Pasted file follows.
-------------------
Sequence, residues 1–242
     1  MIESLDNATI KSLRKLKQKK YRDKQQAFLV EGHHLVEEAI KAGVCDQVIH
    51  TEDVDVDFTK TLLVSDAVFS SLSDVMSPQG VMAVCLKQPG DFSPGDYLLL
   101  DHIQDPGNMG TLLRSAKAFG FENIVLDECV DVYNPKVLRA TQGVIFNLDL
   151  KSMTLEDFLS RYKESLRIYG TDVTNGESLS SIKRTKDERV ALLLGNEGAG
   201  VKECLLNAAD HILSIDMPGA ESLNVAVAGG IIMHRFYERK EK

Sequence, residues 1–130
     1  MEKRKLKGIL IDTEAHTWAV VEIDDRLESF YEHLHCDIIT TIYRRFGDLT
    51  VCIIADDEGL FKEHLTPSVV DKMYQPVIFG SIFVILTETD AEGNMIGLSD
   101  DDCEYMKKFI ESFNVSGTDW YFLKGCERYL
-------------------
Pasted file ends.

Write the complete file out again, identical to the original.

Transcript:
Sequence, residues 1–242
     1  MIESLDNATI KSLRKLKQKK YRDKQQAFLV EGHHLVEEAI KAGVCDQVIH
    51  TEDVDVDFTK TLLVSDAVFS SLSDVMSPQG VMAVCLKQPG DFSPGDYLLL
   101  DHIQDPGNMG TLLRSAKAFG FENIVLDECV DVYNPKVLRA TQGVIFNLDL
   151  KSMTLEDFLS RYKESLRIYG TDVTNGESLS SIKRTKDERV ALLLGNEGAG
   201  VKECLLNAAD HILSIDMPGA ESLNVAVAGG IIMHRFYERK EK

Sequence, residues 1–130
     1  MEKRKLKGIL IDTEAHTWAV VEIDDRLESF YEHLHCDIIT TIYRRFGDLT
    51  VCIIADDEGL FKEHLTPSVV DKMYQPVIFG SIFVILTETD AEGNMIGLSD
   101  DDCEYMKKFI ESFNVSGTDW YFLKGCERYL